One particular period of interest to me was the years from 1972 to 1982.  Yes, this was after 1971, but I wanted to look at it further and in more depth from a portfolio manager perspective instead of just looking at the stock market.  How did it feel?  Remember the oil embargo?  Our defeat in Vietnam? The Cold War?  Carter’s “Misery Index?”  Double Digit Inflation?  During this period of time, the average GDP Growth was only 2.7% – well below the historical average of 3.4%.

The second period of interest was the period of the Great Depression.  Now the Great Depression itself lasted from 1929 to 1941 – but for this particular exercise, I wanted to look at the period starting about 2 and a half years AFTER the crash – starting with the summer of 1932 until the attack on Pearl Harbor, or December 1941 – the long, grinding years of the Depression.  During that period of time, our average GDP Growth was only 2.0% – the longest and weakest period of below-average growth on record for the United States.

My question was – how could today’s investors, using a properly designed, diversified portfolio,  have done during that time?  Were these two periods of time – arguably the worst periods (economically) in the past hundred years – a bad time to be invested?

Assume a relatively simple, domestic portfolio:  T-Bills (15%), 5-Year Treasuries (15%), US Large Stocks (11%), US Large Value, or underpriced, dividend paying stocks (21%), US Small Value Stocks (18%), US Small Stocks (10%), and Very Small, or Micro-Cap Stocks (10%).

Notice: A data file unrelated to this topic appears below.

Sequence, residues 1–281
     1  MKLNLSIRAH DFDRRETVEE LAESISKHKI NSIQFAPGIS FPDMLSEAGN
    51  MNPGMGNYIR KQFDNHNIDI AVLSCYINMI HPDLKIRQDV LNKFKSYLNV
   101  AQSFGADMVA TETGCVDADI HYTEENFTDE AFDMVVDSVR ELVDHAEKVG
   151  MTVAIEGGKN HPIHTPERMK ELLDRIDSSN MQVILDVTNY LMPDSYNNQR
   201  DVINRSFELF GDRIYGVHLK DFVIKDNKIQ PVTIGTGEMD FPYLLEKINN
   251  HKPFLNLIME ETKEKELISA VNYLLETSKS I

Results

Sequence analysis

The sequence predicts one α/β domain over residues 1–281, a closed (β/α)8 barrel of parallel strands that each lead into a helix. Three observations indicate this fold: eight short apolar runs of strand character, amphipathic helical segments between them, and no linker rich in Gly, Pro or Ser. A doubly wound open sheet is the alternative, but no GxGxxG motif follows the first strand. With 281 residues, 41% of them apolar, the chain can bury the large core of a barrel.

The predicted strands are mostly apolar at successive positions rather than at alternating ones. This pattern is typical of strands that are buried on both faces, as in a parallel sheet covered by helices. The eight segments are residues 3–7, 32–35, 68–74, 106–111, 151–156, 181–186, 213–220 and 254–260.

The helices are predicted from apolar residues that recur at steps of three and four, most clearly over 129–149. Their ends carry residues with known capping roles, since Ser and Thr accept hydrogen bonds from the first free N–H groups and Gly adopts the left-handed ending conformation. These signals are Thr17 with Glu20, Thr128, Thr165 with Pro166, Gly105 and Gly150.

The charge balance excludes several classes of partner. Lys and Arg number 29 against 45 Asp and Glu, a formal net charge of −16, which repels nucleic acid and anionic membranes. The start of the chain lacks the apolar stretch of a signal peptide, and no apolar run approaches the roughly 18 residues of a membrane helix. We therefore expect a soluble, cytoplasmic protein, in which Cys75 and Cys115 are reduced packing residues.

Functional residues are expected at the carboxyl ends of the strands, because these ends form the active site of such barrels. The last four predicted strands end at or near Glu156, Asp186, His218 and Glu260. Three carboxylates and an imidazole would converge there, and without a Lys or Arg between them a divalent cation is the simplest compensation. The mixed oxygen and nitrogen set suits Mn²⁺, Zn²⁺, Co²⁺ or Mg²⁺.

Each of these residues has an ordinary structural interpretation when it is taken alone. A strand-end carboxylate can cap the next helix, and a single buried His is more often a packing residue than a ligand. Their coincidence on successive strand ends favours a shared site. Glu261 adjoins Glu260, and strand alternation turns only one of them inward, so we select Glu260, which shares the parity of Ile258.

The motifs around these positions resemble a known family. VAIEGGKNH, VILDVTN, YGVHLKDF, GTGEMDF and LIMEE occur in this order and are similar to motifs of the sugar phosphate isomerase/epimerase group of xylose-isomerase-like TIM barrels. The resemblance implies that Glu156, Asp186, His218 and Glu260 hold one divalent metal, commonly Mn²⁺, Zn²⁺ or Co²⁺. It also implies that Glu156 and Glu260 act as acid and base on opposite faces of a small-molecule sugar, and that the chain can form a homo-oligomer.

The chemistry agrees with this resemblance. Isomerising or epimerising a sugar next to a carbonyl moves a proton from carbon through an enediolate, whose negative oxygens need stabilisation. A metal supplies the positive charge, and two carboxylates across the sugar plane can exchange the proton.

Looking at the indices only (remember – there were VERY few mutual funds at the time of the Depression, and certainly no ETF’s,) we can get an idea of how an investor might have done.  The following numbers do NOT account for any fees, commissions, taxes, etc – but we can still draw conclusions.

From the period of 1932 – 1941, the above, simple, diversified portfolio (indices only) would have achieved an AVERAGE ANNUAL return of… wait for it… 19.29%!!  In fact one dollar invested as described above in the summer of 1932 would have grown to about $4.50 by December of 1941.  During the Great Depression!!

From the period of 1972 to 1982, the above, simple, diversified portfolio (indices only) would have achieve an AVERAGE ANNUAL return of… 14.82%!!  One dollar invested as described above in December of 1972 would have grown to about $3.49 by December of 1982.  During the Carter Years and the Misery Index!!